My wife was a huge Keen Whisper fan. She had previously tried the Keen Newport H2 and Venice and found them to be too roomy and slipped off the back of her heel. Her Keen Whisper size is 8. She does not like to or have time to shop and found the Whisper fit to be good enough and stuck with that. With my revelation that the Keen CNX Clearwater fit almost true to size I ordered her a 7.5, her usual dress flat size. It was in her favorite color and I knew she would give it a try because of that. It fits her perfectly, and she finds it very lightweight and comfortable and better fitting around the foot compared to the Keen Whisper. Her only point to note is that she likes the Whisper bungee cinch system better than the mono-sock collar of the Clearwater. She finds that to cinch the Clearwater tight enough to where there is no heel slip the material folds over and if not positioned just right, can dig into the top of her foot.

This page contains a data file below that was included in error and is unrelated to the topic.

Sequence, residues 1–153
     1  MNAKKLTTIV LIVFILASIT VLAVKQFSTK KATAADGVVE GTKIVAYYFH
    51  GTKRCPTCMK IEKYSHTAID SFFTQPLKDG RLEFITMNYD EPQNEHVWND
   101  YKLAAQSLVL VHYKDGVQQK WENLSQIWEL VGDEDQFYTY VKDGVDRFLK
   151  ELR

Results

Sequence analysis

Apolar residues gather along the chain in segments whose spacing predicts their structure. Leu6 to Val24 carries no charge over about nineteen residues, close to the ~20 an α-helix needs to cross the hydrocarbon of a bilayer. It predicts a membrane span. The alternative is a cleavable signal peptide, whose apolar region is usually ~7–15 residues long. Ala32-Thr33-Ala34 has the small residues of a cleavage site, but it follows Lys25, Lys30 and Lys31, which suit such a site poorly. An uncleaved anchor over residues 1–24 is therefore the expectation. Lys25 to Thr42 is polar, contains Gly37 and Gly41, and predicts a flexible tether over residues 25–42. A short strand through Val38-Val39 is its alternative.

In short this Keen Women’s CNX Clearwater fits us both better than any Keen shoe we have yet tried. Keen has made an attempt to welcome those with narrow or medium width feet into the Keen wearing flock. We would both say that the width fit for us is the as our regular athletic shoes fit. For length she fits into her regular dress shoe size with in this shoe. Of the Women’s shoes I do own this fits like some 11’s do and like some 12’s do (I do not own any 11.5).
To compare the fit more universally, for me the Clearwater 11 fits like Men’s 9-9.5, Women’s 11-11.5 Converse Chuck Taylor and for her the Clearwater 7.5 fits like Men’s size 5 Women’s 7 Converse Chuck Taylor.